Centrally guiding climate action across the globe.

Industrial goods
Centrally guiding climate action across the globe.

A global corporate on the way to net zero.

Many global organizations are in full implementation mode of initiatives to meet their climate commitments. More often than not, removing and avoiding emissions outside the own supply chain is a crucial component.

A listed multinational technology conglomerate had the ambition to achieve net zero in its operations (Scope 1 & 2) by 2030 in line with the SBTi pathway as well as a net zero supply chain by 2050.

The company followed a clear path to reducing its emissions and had introduced several initiatives including a complete conversion to green electricity, an electric-only company fleet as well as the adoption of low-emissions building practices.

Yet, to ensure full net zero, the company pledged to compensate unavoidable emissions of its operations across the organization by 2030. With over 300 subsidiaries in multiple regions, coordinating and steering this activity was no small feat.

300 buyers. 1 team in charge.

Companies with complex, global organizational structures often struggle to steer quality and cost of voluntary climate action across the globe. While carbon credits work globally, purchasing power often sits at local levels which comes with a lot of steering complexity.

For the corporation, two key challenges arose: Defining a portfolio that works globally and making sure that all subsidiaries would follow the defined criteria set.

As a global player in emission-intensive fields such as industrial goods, infrastructure, and mobility, the high emission baseline required securing substantial volumes of credits. But not only the amount needed to be managed – also the right quality. Operating across geographies and sectors required special care in selecting a fitting negative emissions portfolio due to differing regional regulations, market requirements and standards. Only via in-depth screening and full market visibility was it possible to identify not only a range of suitable credits, but also a way to flexibly adjust the portfolio over the years to come, i.e. by continously increasing the removal share to meet net zero commitments.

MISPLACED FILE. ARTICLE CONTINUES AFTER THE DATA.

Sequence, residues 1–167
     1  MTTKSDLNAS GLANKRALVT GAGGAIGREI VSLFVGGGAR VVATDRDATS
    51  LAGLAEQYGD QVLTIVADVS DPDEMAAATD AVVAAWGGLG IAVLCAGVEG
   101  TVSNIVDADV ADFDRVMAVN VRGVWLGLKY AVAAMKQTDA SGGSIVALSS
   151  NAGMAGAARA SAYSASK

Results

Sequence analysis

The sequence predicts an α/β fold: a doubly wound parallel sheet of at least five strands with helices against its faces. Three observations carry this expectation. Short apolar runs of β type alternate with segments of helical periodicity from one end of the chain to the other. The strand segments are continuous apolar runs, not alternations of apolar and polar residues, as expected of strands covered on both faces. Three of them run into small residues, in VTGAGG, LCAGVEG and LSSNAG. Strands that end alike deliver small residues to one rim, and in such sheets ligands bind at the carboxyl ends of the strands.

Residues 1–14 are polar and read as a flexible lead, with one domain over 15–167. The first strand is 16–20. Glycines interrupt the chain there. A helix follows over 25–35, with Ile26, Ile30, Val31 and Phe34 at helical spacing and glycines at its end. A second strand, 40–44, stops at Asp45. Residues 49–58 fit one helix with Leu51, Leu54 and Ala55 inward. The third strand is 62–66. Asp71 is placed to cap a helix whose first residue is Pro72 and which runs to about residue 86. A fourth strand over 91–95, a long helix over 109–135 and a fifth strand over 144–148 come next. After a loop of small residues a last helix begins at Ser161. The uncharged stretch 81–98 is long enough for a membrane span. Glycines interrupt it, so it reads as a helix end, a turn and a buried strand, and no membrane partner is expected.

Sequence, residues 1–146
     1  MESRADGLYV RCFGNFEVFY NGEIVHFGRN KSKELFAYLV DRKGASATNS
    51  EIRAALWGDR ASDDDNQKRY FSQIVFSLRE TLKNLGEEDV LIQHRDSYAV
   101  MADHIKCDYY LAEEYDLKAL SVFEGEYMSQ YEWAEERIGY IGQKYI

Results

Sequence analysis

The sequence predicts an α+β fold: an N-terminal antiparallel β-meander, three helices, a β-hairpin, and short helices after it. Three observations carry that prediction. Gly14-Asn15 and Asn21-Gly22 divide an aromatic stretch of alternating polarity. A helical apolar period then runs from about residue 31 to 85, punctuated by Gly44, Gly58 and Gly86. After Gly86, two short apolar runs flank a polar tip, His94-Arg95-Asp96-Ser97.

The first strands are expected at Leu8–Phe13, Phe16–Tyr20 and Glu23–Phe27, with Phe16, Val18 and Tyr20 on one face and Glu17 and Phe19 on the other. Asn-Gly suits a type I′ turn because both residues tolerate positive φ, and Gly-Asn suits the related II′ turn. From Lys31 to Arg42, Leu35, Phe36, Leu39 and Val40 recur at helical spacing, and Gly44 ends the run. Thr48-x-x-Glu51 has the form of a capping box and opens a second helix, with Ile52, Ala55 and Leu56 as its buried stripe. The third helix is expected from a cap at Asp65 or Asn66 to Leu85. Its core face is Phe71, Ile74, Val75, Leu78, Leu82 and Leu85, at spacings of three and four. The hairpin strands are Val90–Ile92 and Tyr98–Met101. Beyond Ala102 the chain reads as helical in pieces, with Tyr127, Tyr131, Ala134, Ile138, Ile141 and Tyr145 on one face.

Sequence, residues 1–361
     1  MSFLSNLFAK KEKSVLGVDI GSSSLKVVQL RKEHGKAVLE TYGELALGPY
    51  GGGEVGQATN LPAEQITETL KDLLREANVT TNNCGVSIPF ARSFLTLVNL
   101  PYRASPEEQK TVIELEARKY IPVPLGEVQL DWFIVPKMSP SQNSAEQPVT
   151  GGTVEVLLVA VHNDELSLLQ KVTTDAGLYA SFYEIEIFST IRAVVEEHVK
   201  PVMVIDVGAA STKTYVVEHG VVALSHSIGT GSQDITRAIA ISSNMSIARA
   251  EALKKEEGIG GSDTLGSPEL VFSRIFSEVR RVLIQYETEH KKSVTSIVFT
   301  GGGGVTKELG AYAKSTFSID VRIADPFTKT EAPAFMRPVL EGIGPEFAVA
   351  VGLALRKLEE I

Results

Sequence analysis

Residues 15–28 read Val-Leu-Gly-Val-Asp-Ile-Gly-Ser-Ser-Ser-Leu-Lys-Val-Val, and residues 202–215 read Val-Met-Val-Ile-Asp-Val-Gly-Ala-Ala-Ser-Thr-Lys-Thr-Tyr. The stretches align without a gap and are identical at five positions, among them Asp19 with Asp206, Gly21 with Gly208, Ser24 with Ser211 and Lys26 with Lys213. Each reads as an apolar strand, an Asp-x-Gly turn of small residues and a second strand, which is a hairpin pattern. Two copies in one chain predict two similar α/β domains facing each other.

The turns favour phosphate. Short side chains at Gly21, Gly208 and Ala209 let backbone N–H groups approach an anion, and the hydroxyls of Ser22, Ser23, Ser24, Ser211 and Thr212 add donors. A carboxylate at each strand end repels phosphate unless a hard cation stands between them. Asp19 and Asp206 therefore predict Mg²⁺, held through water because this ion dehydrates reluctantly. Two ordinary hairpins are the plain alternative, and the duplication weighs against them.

In addition, hundreds of independently acting global subsidiaries made central purchasing difficult as requirements and timing needs differed significantly. The central team needed to enable the organization to take climate action on profit-center level, while setting and enforcing the global quality standard to mitigate compliance and reputational risks. Keeping central control over the selection and monitoring of carbon credits was thus crucial.

Centrally guiding climate action across the globe.

One portfolio to rule them all.

With CEEZER, organizations get a powerful tool to centrally select, monitor and secure the right negative emissions, while seamlessly enabling subsidiaries and suppliers to independently steer climate action in alignment with global requirements.

Based on CEEZER’s digital marketplace of >5,000 projects with comparable quality, availability and pricing data points, the central CSR team defined a portfolio of carbon credits based on an objective set of measurable criteria. These criteria would then be leveraged to flexibly add newly available projects to the portfolio in case of increased volume requirements. The resulting portfolio set-up ensured that crucial requirements such as volume needs, budget constraints and quality levels were ensured and measurable.

Integrating CEEZER into the existing SAP-based purchasing workflow then enabled all global subsidiaries to independently procure eligible credits. Managers with access to the integrated tool were catered a curated view of already approved projects and could buy negative emissions with one click. Transaction handling and approval processes were managed automatically by CEEZER within the native SAP purchasing flow.

As a result, subsidiaries were able take immediate climate action without incurring any risk of breaching the global quality requirements. At the same time, the compensation path towards net zero could be centrally steered by the CSR team with all transaction and volume data available at any point in time. Reports and analytics on the portfolio composition (e.g., share of removal, permanence, risks) were continuously available to the central CSR team, allowing them to actively manage the net zero path.